Dundas Street West is looking a little brighter thanks to the work of students at Ryerson Community School.
With the help of artist Javid JAH and support from Scadding Court Community Centre and the Ontario Arts Council, a group of youngsters from the school designed a mural that has been affixed to a fence surrounding the schoolyard.
Grade 7 student Sidney Ventura said the mural-making process gained steam as it went along.
“When it first started, the class was kind of empty, but when (fellow students) saw what we were doing, they started joining in,” she said. “It took a while to settle on one story, but we started to learn about it and it got easier when we worked on it more.”
The students came up with the storyline and drew the images, which were then digitized and printed using Adobe Illustrator.
Ventura noted she had never worked on a project like that, but is thrilled to have her idea on display along Dundas Street West.
“It’s just really joyful to help out the community,” she said.
The work is displayed on 24 panels along Dundas Street and showcases a dream sequence in vivid colours.
“We feel it’s important to animate Dundas Street because this area’s a bit of an eyesore with not much going on,” said Scadding Court executive director Kevin Lee. “Our hope is that this will bring pedestrians into the area from Kensington (Market) and Chinatown.”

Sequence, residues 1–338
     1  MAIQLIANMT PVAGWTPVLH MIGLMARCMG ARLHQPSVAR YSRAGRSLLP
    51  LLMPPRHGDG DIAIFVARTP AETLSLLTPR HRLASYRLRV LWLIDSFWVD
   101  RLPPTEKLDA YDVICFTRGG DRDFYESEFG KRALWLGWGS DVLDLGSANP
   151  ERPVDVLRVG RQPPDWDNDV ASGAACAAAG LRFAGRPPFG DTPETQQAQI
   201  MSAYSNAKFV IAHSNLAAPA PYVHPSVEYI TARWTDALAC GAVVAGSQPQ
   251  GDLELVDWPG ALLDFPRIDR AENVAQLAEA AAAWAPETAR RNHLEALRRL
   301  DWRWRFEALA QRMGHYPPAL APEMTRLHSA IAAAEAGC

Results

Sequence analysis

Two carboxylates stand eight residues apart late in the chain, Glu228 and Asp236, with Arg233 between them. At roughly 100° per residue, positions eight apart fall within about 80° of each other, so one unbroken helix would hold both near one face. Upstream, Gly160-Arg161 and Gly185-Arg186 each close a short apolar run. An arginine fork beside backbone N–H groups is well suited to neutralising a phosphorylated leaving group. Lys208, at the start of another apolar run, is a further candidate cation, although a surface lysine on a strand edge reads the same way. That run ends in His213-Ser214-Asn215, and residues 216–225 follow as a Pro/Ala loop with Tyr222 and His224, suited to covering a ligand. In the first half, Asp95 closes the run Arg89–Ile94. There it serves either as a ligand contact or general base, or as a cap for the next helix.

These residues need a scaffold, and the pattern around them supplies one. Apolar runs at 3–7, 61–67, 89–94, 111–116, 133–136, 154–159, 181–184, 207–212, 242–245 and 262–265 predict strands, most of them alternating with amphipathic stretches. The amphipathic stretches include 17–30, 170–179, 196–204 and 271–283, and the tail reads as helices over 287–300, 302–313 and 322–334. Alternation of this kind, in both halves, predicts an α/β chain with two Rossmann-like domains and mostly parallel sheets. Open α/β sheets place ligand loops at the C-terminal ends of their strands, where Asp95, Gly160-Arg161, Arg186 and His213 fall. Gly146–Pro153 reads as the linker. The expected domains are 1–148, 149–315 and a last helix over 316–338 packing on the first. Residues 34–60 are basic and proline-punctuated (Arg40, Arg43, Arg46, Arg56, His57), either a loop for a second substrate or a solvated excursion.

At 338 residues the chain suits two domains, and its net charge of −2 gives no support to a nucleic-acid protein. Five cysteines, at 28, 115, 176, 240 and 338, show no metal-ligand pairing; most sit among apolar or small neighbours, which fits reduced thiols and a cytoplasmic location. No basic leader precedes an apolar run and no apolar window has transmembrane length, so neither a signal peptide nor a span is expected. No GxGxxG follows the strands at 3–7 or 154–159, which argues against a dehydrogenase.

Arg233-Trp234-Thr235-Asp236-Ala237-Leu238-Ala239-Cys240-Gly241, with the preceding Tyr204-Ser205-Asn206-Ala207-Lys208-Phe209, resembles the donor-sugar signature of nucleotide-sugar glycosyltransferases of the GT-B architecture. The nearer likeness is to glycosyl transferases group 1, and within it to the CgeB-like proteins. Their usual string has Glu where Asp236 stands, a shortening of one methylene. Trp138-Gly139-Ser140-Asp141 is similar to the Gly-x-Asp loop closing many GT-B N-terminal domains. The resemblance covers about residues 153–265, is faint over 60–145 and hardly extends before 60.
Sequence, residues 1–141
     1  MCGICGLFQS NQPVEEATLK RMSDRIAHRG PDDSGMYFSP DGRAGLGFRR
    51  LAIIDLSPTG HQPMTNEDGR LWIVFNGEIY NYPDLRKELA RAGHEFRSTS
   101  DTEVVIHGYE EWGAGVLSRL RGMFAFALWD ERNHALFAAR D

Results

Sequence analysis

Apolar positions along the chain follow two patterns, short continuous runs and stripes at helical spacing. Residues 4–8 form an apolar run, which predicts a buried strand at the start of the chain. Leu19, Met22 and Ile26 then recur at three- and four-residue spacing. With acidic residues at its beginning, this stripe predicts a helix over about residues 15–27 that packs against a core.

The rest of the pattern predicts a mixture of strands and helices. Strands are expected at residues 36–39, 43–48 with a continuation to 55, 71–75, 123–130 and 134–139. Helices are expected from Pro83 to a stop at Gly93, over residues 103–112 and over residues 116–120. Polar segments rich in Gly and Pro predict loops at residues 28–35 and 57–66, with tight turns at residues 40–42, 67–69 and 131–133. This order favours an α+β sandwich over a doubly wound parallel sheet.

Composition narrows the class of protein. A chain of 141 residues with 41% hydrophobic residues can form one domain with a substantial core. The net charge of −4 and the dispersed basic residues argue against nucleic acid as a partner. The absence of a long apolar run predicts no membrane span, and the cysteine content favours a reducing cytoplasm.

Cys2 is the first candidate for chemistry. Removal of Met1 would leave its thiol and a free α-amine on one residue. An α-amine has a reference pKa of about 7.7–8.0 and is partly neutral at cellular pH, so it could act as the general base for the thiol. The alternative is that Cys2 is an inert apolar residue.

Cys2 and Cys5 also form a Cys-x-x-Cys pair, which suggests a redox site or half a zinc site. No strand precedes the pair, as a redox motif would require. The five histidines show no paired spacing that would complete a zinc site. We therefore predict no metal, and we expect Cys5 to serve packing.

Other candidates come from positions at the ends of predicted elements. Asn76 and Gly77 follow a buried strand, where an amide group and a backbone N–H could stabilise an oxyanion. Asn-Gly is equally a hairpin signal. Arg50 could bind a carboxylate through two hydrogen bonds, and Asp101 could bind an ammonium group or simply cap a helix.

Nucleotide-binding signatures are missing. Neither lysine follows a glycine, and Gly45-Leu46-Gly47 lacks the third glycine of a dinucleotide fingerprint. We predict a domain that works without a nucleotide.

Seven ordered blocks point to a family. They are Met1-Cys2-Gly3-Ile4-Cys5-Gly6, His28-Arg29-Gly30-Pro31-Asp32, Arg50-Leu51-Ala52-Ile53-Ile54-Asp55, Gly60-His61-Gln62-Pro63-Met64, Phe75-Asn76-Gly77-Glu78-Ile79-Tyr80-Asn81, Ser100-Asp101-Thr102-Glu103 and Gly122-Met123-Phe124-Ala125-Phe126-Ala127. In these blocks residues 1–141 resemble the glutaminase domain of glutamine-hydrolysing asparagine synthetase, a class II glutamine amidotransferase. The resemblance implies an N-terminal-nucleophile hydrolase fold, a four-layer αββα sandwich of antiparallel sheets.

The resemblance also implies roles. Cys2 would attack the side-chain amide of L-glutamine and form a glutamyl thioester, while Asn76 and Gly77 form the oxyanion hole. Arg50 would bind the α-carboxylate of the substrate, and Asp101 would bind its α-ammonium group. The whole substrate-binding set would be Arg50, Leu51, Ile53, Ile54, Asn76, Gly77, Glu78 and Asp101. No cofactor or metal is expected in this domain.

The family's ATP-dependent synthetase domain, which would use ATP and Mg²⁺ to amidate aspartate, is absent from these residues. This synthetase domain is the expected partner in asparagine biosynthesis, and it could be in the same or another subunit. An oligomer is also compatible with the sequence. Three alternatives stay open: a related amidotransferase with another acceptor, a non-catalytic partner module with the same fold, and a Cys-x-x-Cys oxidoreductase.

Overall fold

While the mural is colourful and surreal, it also features some political undertones. At one point, the boy in the series of images stops a “big box” from cutting down a tree – a fitting metaphor given the nearby community’s opposition to big box retail from being built in the area.
“It’s mostly about having a little colour along Dundas Street, but you can look at it and see it as being about trying to save the natural environment,” JAH said. “The kid’s trying to stop the Big Box and save the bees, who are out of honey.”
Fellow Grade 7 student Joseph Kwon got involved out of a love of art and said the project was rewarding.
“I want people walking by to look at this and think it’s cool,” he said.
Ryerson Community School principal Craig Tsuji was proud of the work done by his students, adding the school is always happy to pitch in to make the community a better place.
He noted that, in addition to adding splashes of colour along Dundas Street West, the mural will hopefully foster a sense of ownership among the young people within the community.
“It’s good to give kids a chance to express themselves, and murals give them a chance to do graffiti art instead of just tagging,” he said. “As long as the kids say positive things in their artwork, it’s a nice thing for the community to look at, and it’s maybe a lesson for adults, too, about staying positive.”
The mural was installed on Thursday, June 26 on a temporary basis until it could be properly treated to ensure it would last through inclement weather. While it was installed facing Dundas, similar panels will soon be installed facing the school so the students can enjoy the artwork as well.